NEW YORK (Reuters) - Exxon Mobil Corp XOM.N was granted time by regulators to carry out a second round of testing on the ruptured Pegasus oil pipeline, after the firm said an initial investigation into the reason the nearly 70-year-old line failed was not conclusive.
The 95,000-barrel-per-day (bpd) line has been shut since spilling thousands of barrels of heavy Canadian crude oil into the town of Mayflower, Arkansas, in late March, and questions have been raised over whether it will ever be restarted.
State politicians have asked Exxon to relocate a 13.5-mile section of the line away from Little Rock’s drinking supply as safety concerns about transporting Canada’s tar sands on ageing U.S. infrastructure have mounted.
U.S. Department of Transportation’s Pipeline and Hazardous Materials Safety Administration (PHMSA) has granted Exxon until July 10 for further testing of the failed pipe as long as the companies provides “information regarding the additional testing and protocols.”
In May, the first independent report into Pegasus’s failure was sent to Exxon and PHMSA by a third-party laboratory.
Exxon has said the Hurst Metallurgical Research Laboratory needs more time for additional testing of the 52-foot section of the damaged pipeline.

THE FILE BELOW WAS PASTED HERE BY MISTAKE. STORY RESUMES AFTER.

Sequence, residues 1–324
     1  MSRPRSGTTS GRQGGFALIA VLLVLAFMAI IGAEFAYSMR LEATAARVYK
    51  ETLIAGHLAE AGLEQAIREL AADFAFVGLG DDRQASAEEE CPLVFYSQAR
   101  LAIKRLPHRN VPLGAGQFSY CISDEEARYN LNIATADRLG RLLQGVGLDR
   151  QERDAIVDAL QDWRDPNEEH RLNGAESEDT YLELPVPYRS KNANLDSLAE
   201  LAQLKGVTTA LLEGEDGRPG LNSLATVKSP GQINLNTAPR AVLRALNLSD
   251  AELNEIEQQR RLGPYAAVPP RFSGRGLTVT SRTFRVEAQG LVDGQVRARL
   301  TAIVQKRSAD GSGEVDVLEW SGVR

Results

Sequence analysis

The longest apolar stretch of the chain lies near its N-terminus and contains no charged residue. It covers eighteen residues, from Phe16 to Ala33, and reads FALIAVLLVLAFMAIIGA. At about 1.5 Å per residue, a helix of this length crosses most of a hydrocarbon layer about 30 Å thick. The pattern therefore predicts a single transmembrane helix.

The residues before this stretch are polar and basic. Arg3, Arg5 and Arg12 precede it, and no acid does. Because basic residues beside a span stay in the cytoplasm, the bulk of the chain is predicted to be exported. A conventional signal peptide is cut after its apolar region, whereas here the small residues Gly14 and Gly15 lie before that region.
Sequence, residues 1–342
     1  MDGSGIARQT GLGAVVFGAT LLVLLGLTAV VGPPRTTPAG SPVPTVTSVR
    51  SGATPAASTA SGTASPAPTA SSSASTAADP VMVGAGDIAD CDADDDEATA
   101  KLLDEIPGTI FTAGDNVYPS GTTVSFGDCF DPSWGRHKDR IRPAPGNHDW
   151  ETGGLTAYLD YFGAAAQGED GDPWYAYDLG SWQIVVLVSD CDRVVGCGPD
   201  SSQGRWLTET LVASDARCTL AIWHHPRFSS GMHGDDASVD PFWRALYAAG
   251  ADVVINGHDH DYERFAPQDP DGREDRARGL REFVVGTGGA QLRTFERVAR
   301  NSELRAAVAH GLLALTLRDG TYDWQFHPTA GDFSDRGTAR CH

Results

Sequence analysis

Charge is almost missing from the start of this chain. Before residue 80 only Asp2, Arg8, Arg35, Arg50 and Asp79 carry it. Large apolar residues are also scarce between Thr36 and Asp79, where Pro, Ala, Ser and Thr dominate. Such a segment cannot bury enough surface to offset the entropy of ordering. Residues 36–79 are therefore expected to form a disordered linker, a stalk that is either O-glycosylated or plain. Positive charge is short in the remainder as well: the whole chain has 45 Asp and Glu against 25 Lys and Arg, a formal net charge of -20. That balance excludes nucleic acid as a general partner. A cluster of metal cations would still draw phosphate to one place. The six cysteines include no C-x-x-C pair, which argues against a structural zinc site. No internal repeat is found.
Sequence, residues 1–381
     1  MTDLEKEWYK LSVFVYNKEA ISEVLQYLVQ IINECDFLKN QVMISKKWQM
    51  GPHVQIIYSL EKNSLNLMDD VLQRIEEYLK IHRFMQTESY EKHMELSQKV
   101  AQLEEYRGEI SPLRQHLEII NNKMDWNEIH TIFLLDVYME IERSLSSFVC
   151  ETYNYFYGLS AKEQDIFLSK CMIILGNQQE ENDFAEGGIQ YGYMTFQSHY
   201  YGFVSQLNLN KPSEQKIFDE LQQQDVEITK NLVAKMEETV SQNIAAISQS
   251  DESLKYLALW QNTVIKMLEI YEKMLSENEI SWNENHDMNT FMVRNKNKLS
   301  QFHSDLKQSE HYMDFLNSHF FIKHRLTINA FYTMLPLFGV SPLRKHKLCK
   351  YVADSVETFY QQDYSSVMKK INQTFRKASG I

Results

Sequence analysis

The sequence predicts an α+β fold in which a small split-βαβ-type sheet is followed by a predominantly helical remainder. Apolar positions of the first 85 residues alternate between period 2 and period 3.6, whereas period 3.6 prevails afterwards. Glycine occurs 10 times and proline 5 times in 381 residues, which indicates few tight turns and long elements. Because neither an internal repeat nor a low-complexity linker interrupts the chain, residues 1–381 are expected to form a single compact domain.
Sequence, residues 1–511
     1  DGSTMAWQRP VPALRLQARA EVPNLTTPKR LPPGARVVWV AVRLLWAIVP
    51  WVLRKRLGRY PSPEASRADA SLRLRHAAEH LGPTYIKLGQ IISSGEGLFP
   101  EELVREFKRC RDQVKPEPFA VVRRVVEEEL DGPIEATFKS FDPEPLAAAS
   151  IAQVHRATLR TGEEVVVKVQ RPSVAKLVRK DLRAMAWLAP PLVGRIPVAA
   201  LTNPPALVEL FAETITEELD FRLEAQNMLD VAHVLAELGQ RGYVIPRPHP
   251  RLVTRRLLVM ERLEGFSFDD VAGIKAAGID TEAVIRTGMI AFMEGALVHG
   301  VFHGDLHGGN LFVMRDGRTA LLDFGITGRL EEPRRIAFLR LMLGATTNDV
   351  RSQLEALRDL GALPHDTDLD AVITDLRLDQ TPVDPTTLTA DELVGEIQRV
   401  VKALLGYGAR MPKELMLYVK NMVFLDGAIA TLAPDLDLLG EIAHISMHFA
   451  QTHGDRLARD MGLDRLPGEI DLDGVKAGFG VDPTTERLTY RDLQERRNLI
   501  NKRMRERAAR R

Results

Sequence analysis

“On review of the draft report, EMPCo (Exxon Mobil Pipeline Company) believes additional mechanical and metallurgical testing is warranted to better understand the pipe properties and potential failure mechanisms,” EMPCo said in a letter to PHMSA dated June 6.
Pegasus normally carries heavy Canadian crude from Patoka, Illinois, to Nederland, Texas. With the shutdown of the line, large volumes of crude oil have been diverted into Cushing, Oklahoma, the delivery point of the U.S. crude oil contract.
PHMSA declined to comment on the extension, beyond its public response to Exxon on June 6.
A spokesman for Exxon said the firm would “continue to work cooperatively with the agency on any follow-up actions.”
Exxon said in late May it would not decide on the line’s future until the investigation was completed.
Additional reporting by Timothy Gardner in Washington; Editing by Jeffrey Benkoe and Gunna Dickson